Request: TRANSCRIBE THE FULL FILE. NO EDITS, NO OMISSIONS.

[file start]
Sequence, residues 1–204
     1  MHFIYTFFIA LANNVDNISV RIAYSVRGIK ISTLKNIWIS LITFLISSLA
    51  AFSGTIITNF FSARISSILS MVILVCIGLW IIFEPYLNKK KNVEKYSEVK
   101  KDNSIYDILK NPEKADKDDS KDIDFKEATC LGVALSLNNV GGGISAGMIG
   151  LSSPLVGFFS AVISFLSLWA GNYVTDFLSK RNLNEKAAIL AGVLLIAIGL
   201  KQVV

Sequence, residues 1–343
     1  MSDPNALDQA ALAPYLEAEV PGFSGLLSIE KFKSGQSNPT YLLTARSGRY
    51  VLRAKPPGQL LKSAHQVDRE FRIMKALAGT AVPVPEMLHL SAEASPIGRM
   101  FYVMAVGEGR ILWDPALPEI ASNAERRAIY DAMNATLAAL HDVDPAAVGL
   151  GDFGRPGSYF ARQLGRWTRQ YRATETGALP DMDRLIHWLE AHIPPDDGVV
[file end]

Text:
Sequence, residues 1–204
     1  MHFIYTFFIA LANNVDNISV RIAYSVRGIK ISTLKNIWIS LITFLISSLA
    51  AFSGTIITNF FSARISSILS MVILVCIGLW IIFEPYLNKK KNVEKYSEVK
   101  KDNSIYDILK NPEKADKDDS KDIDFKEATC LGVALSLNNV GGGISAGMIG
   151  LSSPLVGFFS AVISFLSLWA GNYVTDFLSK RNLNEKAAIL AGVLLIAIGL
   201  KQVV

Sequence, residues 1–343
     1  MSDPNALDQA ALAPYLEAEV PGFSGLLSIE KFKSGQSNPT YLLTARSGRY
    51  VLRAKPPGQL LKSAHQVDRE FRIMKALAGT AVPVPEMLHL SAEASPIGRM
   101  FYVMAVGEGR ILWDPALPEI ASNAERRAIY DAMNATLAAL HDVDPAAVGL
   151  GDFGRPGSYF ARQLGRWTRQ YRATETGALP DMDRLIHWLE AHIPPDDGVV